Halina Goldberg focuses on Chopin (she’s the editor of The Age of Chopin: Interdisciplinary Inquiries and author of Music in Chopin's Warsaw). She also focuses on national constructs in Glinka’s music and the participation of nineteenth-century Jewish musicians in the articulation of Polish musical identity.
Ph.D., University of Hawai’i at Manoa, 1995
Bill Johnston is one of the leading translators of Polish literature in the Anglophone world. Working in both prose and poetry, he has translated such authors as Witold Gombrowicz (Bacacay), Tadeusz Rózewicz (New Poems), Magdalena Tulli (Dreams and Stones and Moving Parts), Andrzej Stasiuk (Nine), and Stefan Zeromski (The Faithful River and The Coming Spring), among others. Johnston has held fellowships from both the National Endowment for the Arts and the National Endowment for the Humanities. In 2005 his translation of Magdalena Tulli’s Dreams and Stones won the AATSEEL Translation Award.
Ph.D., University of Michigan, 1992
Padraic Kenney is the director of the Polish Studies Center. He writes about social and political change in Poland and Eastern Europe. His most recent books are Wroclawskie zadymy and The Burdens of Freedom: Eastern Europe Since 1989. He is also the author of A Carnival of Revolution: Central Europe, 1989 and Rebuilding Poland: Workers and Communists, 1945-1950. Currently, he is researching a book on political prisoners in the twentieth-century world.
Slavic Languages & Literatures
Ph.D., University of California Los Angeles, 2002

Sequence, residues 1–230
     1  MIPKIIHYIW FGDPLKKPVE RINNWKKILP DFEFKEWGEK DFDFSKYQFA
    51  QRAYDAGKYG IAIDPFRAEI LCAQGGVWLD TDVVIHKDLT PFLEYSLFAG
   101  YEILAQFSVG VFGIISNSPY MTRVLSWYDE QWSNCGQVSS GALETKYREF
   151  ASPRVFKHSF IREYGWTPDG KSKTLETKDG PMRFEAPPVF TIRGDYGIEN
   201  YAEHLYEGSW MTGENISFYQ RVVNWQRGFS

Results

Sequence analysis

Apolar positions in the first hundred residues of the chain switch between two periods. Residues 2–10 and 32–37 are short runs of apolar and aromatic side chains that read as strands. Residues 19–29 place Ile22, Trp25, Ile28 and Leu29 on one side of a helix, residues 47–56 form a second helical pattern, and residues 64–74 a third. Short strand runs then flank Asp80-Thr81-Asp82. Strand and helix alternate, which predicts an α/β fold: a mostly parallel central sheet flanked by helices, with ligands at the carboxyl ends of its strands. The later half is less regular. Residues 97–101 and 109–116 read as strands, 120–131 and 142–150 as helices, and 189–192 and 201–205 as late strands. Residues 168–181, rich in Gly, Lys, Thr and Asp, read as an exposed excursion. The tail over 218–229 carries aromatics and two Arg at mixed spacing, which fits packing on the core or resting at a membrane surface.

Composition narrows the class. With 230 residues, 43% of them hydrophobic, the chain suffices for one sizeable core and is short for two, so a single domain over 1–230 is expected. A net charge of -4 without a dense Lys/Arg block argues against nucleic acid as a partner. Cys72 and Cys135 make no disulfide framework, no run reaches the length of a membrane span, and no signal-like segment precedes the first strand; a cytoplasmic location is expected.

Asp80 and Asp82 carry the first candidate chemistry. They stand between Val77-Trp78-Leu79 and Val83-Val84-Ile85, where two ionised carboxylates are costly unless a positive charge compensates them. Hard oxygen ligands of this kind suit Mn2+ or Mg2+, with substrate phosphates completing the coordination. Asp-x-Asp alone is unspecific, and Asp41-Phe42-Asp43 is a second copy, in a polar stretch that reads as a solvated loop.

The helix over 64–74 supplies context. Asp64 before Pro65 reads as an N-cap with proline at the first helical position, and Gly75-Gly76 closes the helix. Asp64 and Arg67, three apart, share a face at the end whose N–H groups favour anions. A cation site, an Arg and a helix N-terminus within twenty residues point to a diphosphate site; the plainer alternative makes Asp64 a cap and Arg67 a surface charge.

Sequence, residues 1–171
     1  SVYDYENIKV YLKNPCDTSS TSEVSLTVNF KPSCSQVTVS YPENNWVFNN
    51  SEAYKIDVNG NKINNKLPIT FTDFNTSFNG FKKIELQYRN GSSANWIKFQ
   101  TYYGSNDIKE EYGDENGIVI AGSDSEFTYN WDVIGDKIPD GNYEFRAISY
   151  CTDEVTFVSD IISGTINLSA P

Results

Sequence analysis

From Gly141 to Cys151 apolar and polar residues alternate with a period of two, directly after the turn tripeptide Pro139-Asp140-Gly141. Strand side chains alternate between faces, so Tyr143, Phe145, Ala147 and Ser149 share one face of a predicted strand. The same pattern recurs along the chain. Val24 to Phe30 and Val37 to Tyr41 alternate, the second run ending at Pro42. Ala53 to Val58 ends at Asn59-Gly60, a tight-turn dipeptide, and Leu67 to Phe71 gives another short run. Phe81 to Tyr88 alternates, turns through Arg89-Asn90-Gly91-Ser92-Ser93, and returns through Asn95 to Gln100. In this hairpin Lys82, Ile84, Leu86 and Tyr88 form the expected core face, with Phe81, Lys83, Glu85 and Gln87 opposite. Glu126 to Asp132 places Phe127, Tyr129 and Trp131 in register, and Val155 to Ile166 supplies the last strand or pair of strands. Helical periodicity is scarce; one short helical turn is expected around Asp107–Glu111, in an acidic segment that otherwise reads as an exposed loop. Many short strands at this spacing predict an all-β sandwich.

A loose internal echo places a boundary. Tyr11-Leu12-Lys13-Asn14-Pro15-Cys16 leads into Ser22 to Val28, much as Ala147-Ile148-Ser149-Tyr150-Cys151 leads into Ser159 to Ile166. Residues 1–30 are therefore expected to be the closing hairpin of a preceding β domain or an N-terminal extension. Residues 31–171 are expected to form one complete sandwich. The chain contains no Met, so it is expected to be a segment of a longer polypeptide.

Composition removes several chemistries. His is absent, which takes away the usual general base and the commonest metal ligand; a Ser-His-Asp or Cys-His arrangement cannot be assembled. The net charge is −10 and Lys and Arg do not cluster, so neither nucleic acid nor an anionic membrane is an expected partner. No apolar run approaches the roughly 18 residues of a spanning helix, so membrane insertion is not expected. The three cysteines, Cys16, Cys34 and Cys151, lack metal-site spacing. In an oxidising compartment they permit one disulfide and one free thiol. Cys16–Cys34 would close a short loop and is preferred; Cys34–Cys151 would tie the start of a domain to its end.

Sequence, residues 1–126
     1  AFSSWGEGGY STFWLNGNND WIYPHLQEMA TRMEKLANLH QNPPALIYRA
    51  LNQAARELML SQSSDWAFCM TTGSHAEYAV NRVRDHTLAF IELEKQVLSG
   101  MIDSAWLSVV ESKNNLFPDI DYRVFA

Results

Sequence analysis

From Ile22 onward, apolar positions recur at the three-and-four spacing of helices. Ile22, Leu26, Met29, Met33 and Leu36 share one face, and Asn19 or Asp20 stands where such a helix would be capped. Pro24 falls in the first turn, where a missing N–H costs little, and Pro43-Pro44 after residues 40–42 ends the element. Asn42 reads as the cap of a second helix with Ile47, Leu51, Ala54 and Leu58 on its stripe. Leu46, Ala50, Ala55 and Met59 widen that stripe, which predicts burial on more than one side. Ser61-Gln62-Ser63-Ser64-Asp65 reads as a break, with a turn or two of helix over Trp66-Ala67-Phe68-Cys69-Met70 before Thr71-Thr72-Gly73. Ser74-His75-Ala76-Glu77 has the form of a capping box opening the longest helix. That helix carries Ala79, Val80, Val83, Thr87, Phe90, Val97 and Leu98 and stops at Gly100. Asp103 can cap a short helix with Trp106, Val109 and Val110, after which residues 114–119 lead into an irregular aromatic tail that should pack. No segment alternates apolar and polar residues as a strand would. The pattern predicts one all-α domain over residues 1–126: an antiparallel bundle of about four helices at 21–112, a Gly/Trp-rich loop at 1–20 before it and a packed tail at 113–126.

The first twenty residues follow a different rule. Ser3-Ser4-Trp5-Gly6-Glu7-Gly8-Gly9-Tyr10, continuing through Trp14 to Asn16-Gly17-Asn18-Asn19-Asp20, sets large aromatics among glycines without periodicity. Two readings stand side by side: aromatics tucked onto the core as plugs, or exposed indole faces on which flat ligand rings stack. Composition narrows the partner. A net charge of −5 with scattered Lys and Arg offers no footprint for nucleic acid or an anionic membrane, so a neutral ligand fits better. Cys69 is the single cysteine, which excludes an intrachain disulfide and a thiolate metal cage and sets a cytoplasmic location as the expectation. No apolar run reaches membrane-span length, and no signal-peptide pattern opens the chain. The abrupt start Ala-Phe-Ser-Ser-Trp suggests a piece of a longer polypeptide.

Joanna Nizynska's research is focused on comparative approaches to Polish studies; trauma and post-memory in post-Communist countries; "glocalization" of Western theory in Eastern Europe, gender and queer studies; writing history of "minor literatures"; Polish-American poetic relations; rewriting Classics in modern literature.
Polish Studies, Slavic Languages & Literatures
Ph.D., University of Lodz, 2014
Kamil Szafraniec is the Kosciuszko Foundation visiting lecturer of Polish Language at Indiana University. His research interests revolve around translation studies and the theory and practice of teaching Polish as a second/foreign language. He is the author of several analytic articles dealing with stylistics, phraseology, and lexical shifts in the modern Polish and Slovene languages.
Library Academic Services, Wells Library
Ph.D., University of Illinois (Anthropology), 2008
M.A., University of Illinois, 2005
B.A., Northwestern University, 2000
Andrew Asher conducts research on borders, transnational spaces and citizenship practices in Poland, Germany, and the European Union.